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Residential Lien question

710 Views | 10 Replies | Last: 17 days ago by SteveBott
BoDog
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AG
Question for the bankers, attorneys or those with prior experience...

I am trying to purchase a home (likely investment property), however, there appears to be prior lien that is over 8 years old from an out of state bank that is no longer solvent. I was under the impression that these are released/fall off after a set amount of years if they are not refiled by the grantor. Any truth to this?

Regardless, is this an easy fix and something I can do myself? Thanks in advance.
SteveBott
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You need to talk to a title company. They can figure out a solution
Martin Cash
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BoDog said:

Question for the bankers, attorneys or those with prior experience...

I am trying to purchase a home (likely investment property), however, there appears to be prior lien that is over 8 years old from an out of state bank that is no longer solvent. I was under the impression that these are released/fall off after a set amount of years if they are not refiled by the grantor. Any truth to this?

Regardless, is this an easy fix and something I can do myself? Thanks in advance.
If it's a bank lien, it's probably a deed of trust. They don't just go away. If it's a failed bank, some other bank took over their assets. Judgment liens have to be renewed every 10 years, or at least it used to be 10 years.

Like Bott says, see a real estate attorney.
BoDog
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ok, it is in fact a judgement lien.

Martin, so after 10 years do these just "fall off" so to speak?
SteveBott
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If your paying cash you can leave it at your own risk. Has to be removed by the title company to get a mortgage. Just call a title company Monday and get a final solution.

A judgment can be updated and continued for another 10 years if lien holder wants to pursue it.
BoDog
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Will do, thanks Steve. I am paying cash so in addition to discussing with attorney, I may just go that route. Other than trying to sell the property, what risk are involved if I go that route....?
SteveBott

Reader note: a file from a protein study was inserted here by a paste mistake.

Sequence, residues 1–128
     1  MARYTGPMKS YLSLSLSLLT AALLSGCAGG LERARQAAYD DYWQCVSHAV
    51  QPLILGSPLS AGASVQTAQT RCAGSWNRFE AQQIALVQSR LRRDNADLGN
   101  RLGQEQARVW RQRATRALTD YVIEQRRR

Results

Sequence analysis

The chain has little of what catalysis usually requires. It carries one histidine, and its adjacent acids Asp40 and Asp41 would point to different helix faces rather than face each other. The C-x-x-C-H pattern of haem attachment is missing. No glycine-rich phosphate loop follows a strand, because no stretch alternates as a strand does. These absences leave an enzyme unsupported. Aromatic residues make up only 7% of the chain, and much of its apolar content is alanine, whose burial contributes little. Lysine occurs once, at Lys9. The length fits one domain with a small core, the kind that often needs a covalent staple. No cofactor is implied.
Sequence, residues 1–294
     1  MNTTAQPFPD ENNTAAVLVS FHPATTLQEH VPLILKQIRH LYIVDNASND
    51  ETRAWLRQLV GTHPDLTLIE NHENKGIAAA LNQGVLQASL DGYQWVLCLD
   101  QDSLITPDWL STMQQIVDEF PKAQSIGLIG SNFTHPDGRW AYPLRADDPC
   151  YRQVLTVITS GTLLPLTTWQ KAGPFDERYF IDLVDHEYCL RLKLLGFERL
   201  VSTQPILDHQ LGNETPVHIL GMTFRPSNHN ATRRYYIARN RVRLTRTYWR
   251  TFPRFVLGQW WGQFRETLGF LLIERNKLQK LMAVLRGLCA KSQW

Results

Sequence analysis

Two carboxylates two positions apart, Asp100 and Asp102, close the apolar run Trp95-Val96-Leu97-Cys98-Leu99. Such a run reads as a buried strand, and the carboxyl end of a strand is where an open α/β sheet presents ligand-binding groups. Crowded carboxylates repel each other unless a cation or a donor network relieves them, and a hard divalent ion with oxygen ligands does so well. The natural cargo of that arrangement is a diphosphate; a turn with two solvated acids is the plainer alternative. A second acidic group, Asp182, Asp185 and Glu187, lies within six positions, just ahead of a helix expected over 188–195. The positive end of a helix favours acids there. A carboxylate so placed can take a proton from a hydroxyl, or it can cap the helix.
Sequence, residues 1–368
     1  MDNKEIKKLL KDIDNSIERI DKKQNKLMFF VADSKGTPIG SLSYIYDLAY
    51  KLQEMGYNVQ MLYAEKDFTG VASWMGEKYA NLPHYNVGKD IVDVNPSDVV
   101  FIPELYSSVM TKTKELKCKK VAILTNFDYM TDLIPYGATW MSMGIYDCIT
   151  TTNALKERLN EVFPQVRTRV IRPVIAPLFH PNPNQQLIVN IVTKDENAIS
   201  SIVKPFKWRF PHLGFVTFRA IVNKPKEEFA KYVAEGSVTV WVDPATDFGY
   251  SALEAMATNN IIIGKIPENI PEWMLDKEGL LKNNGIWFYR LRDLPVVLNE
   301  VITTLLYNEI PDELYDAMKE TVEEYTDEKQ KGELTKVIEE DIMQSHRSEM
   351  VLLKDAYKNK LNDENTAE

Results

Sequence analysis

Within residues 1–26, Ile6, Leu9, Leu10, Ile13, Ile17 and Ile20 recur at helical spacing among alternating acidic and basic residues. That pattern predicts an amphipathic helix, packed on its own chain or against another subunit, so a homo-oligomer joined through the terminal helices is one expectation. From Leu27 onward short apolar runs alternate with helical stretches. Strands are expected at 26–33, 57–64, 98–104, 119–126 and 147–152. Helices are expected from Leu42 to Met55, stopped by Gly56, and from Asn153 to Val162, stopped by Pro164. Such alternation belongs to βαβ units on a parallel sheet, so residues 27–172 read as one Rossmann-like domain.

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at this point you need legal advise. I defer to the attorney
schwack schwack
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Went thru a similar situation recently - except on the seller side & with a bank. Parents took out a short term/interest only loan for the purchase of a house & then paid it off about 3 months later when their old house sold. That was 15+ years ago.

In the meantime, the bank sold to another bank & my Dad, who handled everything like that, died. Fast forward to Mom selling the house. Lien turned up on the whole amount for the loan. Mom freaked. She knew it had been paid off but could not find a record of it from that long ago. Lots of handwritten notes by Dad documenting the interest payments & also one 1099 from the bank showing interest for that year & it was not much - like $1K or so. So, of course it was paid off.

I tracked down their former loan officer at another bank in town - he remembered them (because back in the day, pretty much everybody knew everybody in Bryan) and knew it had been paid off or it would have shown up when the bank changed hands. I went to high school with the president of the local branch that bought out the old bank & he, too, agreed that it had to have been paid off.

Long story short, it was assumed by all that my Dad got the payoff in the mail & never knew he had to file it with the county. With a lot of research on their part and a little bit of paperwork, the bank released the lien & the sale went thru.

Martin Q. Blank
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SteveBott said:

If your paying cash you can leave it at your own risk. Has to be removed by the title company to get a mortgage. Just call a title company Monday and get a final solution.
Wouldn't the solution be to pay the lien at closing? Why is this the buyer's problem?
schwack schwack
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Quote:

Wouldn't the solution be to pay the lien at closing? Why is this the buyer's problem?

Good, obvious question.
SteveBott
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My rec is to talk to title. There are several options and many details we don't know. Who is the seller? How much is the lien? What kind of lien? Can the lien holder be tracked down? Does seller have proof of the lien has been paid?

So yes seller needs to be actively involved. But title can be the go between all parties to find a solution. And they can engage an attorney to assist them.
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